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Section 17.2 Line Integrals
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### Transcript of Section 17.2 Line Integrals. Let C be a smooth plane curve given by x = x(t), y = y(t), a ≤ t ≤...

• Section 17.2Line Integrals

• LINE INTEGRALSLet C be a smooth plane curve given byx = x(t), y = y(t), a t b.We divide the parameter interval [a, b] into n subintervals [ti 1, ti]of equal width, and we let xi = x(ti) and yi = y(ti). Then the corresponding points Pi(xi, yi) divide C into n subarcs with lengths si. Let be a point on the subarc Ci. If f is defined on a smooth curve C, then the line integral of f along C

if the limit exists.

• EVALUATING LINE INTEGRALSRecall from Section 11.2 that the arc length of C is

If f is a continuous function, the limit on the previous slide always exists. The following formula can be used to evaluate the line integral.

• INTERPRETATION OF THELINE INTEGRALIf z = f (x, y) 0 and C is a curve in the plane, then line integral

gives the area of the curved curtain below the surface and above C. See Figure 2 on page 1099.

• EXAMPLEEvaluate the following line integral where C is the line segment joining (1, 2) to (4, 7)

• PIECEWISE-SMOOTH CURVES AND LINE INTEGRALSIf C is a piecewise-smooth curve then C can be written as a finite union of smooth curves; that is,C = C1 U C2 . . . U CnThe line integral of f along C is defined as the sum of the line integrals of f along each of the smooth pieces of C; that is,

• EXAMPLEEvaluate where C is the piecewise- smooth curve formed by the boundary region bounded by y = x and y = x2.

• AN INTERPRETATION OF THE LINE INTEGRALSuppose that (x, y) represents the density of a thin wire that is shaped like the plane curve C. The mass of the wire is given by

The center of mass of the wire is given by

• EXAMPLEA thin wire is bent in the shape of the semicirclex = cos t, y = sin t, 0 t If the density of the wire at a point is proportional to its distance from the x-axis, find the mass and center of mass of the wire.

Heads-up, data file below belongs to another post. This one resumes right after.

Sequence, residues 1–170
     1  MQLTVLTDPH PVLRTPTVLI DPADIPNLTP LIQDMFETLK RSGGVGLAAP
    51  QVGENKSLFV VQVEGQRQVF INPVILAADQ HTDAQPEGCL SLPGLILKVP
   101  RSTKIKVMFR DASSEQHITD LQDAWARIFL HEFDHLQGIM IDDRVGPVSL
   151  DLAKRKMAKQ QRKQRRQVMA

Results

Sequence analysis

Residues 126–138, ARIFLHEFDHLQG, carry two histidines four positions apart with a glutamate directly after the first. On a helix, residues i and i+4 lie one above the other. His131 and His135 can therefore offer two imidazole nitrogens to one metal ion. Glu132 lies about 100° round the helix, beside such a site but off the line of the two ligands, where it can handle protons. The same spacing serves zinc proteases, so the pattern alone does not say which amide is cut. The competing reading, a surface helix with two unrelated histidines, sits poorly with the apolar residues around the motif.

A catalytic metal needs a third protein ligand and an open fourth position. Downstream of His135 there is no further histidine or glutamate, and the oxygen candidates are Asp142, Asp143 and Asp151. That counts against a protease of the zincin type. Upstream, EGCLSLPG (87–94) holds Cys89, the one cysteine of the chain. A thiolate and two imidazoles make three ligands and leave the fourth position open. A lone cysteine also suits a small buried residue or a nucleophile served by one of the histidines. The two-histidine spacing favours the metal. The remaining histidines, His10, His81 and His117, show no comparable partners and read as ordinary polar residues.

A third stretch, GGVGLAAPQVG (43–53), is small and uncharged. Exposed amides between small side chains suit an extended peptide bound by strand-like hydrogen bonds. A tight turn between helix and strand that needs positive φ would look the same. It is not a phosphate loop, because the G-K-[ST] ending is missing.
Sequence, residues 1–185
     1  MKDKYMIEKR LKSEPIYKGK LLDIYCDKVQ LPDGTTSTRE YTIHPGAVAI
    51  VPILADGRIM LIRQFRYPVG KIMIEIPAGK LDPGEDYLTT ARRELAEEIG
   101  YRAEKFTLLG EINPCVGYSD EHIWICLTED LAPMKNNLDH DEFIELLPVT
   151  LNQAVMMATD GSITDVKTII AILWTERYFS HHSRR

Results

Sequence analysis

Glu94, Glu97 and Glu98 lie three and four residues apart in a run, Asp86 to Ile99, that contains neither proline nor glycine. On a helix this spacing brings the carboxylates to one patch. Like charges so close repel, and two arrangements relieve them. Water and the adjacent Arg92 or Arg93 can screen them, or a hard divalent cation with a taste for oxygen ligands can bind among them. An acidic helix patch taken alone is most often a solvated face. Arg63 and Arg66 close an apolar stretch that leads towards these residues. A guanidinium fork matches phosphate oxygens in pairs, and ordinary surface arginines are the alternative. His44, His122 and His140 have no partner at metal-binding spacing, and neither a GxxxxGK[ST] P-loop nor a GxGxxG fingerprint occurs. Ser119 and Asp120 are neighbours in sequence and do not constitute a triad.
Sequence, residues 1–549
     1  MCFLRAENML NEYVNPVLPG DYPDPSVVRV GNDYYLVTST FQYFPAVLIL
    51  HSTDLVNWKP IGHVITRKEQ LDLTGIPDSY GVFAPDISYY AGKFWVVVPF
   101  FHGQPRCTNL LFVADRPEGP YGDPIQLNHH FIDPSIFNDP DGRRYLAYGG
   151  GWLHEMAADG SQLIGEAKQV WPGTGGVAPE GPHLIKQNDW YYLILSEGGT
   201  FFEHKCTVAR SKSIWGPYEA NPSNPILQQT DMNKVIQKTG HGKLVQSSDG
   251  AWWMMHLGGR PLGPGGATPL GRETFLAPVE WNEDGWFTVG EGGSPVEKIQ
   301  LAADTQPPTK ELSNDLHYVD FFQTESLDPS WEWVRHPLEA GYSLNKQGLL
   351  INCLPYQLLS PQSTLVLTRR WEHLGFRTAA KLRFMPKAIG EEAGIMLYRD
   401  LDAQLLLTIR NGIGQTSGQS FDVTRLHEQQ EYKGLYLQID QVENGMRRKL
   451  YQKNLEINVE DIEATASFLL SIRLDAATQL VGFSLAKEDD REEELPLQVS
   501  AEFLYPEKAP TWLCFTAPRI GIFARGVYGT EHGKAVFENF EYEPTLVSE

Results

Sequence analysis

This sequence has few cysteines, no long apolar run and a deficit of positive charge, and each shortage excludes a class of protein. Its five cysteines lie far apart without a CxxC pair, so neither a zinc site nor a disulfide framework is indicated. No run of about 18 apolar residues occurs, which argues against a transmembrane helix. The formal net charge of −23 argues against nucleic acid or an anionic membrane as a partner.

• LINE INTEGRALS WITH RESPECT TO x AND yTwo other line integrals can be obtained by replacing si by either xi = xi xi 1 or yi = yi yi 1. They are called the line integrals of f along C with respect to x and y.

• DISTINGUISHING FROM THE ORIGINAL LINE INTEGRALTo distinguish the line integral with respect to x and y from the original line integral C f (x, y) ds, we call C f (x, y) ds the line integral with respect to arc length.

• EVALUATING LINE INTEGRALS WITH RESPECT TO x AND y

• A SPECIAL NOTATIONThe line integrals with respect to x and y frequently occur together. We write this as follows.

• ORIENTATION AND LINE INTEGRALSRecall that a given parametrization x = x(t), y= y(t), a t b, determines an orientation of a curve C. If we let C denote the curve consisting of the same points as C but with opposite orientation, then we have:NOTE: The line integral with respect to arc length DOES NOT change sign.

• LINE INTEGRALS IN SPACESuppose that C is a smooth space curve given byx = x(t), y = y(t), z = z(t), a t b.Suppose that f is function of three variables that is continuous on some region containing C, then the line integral of f along C is defined in a similar manner as for plane curves:

• EVALUATING LINE INTEGRALS IN SPACE

• VECTOR NOTATION FOR LINE INTEGRALSIf r(t) is the vector form of either a plane curve or a space curve, then the formula for evaluating a line integral with respect to arc length can be written compactly as

• WORK AND LINE INTEGRALSSuppose that F = P i + Q j + R k is a continuous force field in three dimensions, such as a gravitational field. To compute the work done by this force in moving a particle along the smooth curve C, we divide C into subarcs Pi1Pi with lengths si by dividing the parameter interval [a, b] into subintervals of equal width. Choose a point on the ith subarc corresponding to the parameter . If si is small, then as the particle moves from Pi1 to Pi along the curve, it proceeds approximately in the direction of , the unit tangent vector at . The work done by the force F in moving to particle from Pi1 to Pi is approximately

The total work done in moving the particle along C is approximately

• WORK (CONCLUDED)Based on the derivation on the previous slide, we define the work W done by the force field F in moving a particle along C as the limit of the Riemann sums, namely,

• EVALUATING A LINE INTEGRAL FOR WORKIf the curve C is given by the vector equationr(t) = x(t)i + y(t)j + z(t)kthen T(t) = r(t)/|r(t)|. So, the line integral for work can be rewritten as

• EXAMPLEFind the work done by the force field

on a particle as it moves along the helix given byr(t) = cos ti + sin tj + tkfrom the point (1, 0, 0) to (1, 0, 3)

• LINE INTEGRAL OF A VECTOR FIELDDefinition: Let F be a continuous vector field defined on a smooth curve C given by a vector function r(t), a t b. Then the line integral of F along C is

where F = Pi + Qj + Rk.

• NOTE 1Even though C F dr = C F T ds and integrals with respect to arc length are unchanged when orientation is reversed, it is still true that

because the unit tangent vector T is replaced by its negative when C is replaced by C.

• NOTE 2where F = Pi + Qj + Rk